South Sudan president Salva Kiir said his country was being punished by western powers for not paying for their support in the long civil war against neigbouring Sudan.
The South Sudanese leader said it is a culture among African people to pay back without being reminded of the support they received from those who provided needed support and the time of need.
“The country is suffering today because of the punishment we are getting from western countries. They think they support they gave during the war of liberation struggle is not being returned,” Kiir told members of the African Union Peace and Security Council last week.
He added, “And they [western powers] have asked me several times in private meetings with their business representatives that whether we still remember those who stood by our [South Sudan] side during the war and how we intend to recognize their role”.
The president did not, however, name any of these western powers he hinted on.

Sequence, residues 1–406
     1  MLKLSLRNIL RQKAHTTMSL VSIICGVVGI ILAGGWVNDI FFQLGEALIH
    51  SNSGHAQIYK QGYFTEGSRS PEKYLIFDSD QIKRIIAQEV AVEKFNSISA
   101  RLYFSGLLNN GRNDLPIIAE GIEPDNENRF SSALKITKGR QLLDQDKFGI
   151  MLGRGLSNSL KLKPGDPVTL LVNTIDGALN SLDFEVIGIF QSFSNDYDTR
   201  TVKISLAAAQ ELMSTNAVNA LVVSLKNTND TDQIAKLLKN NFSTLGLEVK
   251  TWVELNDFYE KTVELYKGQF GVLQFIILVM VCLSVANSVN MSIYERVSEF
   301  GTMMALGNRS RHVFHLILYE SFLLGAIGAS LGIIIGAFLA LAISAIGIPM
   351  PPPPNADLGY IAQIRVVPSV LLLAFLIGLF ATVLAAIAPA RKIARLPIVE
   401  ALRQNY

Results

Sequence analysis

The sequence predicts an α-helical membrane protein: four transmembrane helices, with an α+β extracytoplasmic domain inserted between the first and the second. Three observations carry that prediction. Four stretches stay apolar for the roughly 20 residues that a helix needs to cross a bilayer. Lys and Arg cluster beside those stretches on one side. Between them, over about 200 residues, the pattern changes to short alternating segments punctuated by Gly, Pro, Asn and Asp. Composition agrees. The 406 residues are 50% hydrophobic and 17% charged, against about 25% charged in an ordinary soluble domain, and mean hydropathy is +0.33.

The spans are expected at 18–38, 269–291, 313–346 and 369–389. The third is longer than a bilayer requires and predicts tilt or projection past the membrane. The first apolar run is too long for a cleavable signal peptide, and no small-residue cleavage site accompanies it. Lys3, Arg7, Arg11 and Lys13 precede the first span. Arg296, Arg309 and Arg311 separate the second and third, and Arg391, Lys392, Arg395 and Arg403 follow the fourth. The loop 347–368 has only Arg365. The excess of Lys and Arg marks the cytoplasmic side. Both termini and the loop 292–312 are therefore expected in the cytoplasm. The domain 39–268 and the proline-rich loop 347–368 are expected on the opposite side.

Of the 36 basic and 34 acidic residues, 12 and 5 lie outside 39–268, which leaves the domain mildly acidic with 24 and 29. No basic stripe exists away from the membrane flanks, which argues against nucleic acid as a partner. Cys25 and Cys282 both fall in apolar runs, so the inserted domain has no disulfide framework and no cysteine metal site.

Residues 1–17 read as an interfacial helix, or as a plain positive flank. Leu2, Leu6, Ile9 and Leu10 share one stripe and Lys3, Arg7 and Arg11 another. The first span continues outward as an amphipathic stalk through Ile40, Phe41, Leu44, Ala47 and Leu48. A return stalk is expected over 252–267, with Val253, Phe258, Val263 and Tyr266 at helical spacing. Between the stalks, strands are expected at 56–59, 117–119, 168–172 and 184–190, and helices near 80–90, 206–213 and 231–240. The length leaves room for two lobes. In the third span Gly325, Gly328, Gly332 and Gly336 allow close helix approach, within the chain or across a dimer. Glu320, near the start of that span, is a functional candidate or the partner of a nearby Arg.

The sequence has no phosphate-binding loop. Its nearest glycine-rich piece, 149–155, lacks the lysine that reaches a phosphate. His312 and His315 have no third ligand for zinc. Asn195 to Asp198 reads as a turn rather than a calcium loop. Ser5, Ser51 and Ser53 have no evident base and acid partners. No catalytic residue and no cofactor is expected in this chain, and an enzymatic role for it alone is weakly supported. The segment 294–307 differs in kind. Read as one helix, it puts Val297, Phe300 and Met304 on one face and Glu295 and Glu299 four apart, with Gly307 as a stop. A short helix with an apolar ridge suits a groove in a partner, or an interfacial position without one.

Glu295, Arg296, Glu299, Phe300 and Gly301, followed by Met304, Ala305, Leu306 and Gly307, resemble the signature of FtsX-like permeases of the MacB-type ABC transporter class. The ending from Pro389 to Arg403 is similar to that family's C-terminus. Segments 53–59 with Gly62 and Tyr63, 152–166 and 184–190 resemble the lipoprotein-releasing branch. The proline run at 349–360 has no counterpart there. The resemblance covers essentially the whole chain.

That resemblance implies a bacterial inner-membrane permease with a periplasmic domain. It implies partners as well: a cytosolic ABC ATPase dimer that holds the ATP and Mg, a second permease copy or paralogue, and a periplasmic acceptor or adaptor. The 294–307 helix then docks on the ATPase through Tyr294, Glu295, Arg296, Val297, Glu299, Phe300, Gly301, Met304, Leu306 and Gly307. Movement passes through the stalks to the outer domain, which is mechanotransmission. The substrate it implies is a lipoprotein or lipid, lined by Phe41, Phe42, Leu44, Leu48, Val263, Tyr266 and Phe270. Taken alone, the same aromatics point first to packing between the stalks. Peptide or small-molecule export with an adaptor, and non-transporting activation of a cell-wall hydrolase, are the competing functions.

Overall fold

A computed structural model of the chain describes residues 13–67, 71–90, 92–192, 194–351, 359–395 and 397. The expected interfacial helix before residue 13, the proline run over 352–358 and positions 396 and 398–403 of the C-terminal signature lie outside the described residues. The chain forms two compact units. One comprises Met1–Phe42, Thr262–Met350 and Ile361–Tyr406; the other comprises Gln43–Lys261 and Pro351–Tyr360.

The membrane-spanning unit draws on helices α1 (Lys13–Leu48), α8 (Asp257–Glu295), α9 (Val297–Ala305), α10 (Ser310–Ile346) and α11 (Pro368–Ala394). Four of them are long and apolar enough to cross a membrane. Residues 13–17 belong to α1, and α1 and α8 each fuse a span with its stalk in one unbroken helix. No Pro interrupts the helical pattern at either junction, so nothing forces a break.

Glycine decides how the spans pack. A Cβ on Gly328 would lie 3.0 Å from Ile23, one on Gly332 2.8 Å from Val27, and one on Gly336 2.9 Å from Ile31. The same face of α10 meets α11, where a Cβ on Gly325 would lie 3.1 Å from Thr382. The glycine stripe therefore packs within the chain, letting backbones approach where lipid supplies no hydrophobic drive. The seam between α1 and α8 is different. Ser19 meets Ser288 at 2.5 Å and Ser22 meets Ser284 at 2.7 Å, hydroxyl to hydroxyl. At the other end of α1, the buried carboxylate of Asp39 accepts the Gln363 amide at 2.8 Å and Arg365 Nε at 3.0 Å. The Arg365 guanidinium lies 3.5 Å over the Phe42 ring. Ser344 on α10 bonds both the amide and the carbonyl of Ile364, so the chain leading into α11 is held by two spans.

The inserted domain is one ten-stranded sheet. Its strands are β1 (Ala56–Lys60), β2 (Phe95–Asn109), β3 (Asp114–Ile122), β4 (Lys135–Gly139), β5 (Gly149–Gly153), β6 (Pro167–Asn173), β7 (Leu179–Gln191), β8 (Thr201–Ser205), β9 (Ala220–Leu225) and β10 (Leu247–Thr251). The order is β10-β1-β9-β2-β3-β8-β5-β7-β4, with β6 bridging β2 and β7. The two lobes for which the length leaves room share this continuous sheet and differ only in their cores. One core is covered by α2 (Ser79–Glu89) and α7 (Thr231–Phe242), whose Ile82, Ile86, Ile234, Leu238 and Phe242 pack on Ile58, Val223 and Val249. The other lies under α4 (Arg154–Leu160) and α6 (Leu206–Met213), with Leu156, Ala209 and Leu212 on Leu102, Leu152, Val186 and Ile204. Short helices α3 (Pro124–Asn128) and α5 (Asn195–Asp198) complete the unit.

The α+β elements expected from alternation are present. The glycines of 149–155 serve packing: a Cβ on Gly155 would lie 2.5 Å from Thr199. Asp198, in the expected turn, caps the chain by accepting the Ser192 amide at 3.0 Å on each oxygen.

Kiir, a former rebel commander, said he and his colleagues are aware of the support the western powers and African leaders had given the people of South Sudan during different times, but stressed that the continuation of ongoing civil war did not necessarily mean his government does not recognize and appreciate western support.
“We know countries in the west and in Africa which stood by our side during the war. We have mentioned them in our functions and through formal engagement and when writing to them on official and private matters. We do this because we value the support they gave us but this does not mean they teach us how to recognize and appreciate the support,” further stressed the South Sudanese leader.
“It is an African culture and traditions that one returns what he received from the giver without being told to pay back. Because of this, we tell our friends in the west to not take side in a dispute between the same people, brothers and sisters”, he added.
The South Sudanese civil war is an ongoing conflict in South Sudan between forces of the government and opposition forces. In December 2013, President Kiir accused his former deputy Riek Machar and ten others of attempting a coup d’état.
The fighting has killed tens of thousands of people and displaced millions of the country’s about 12 million population.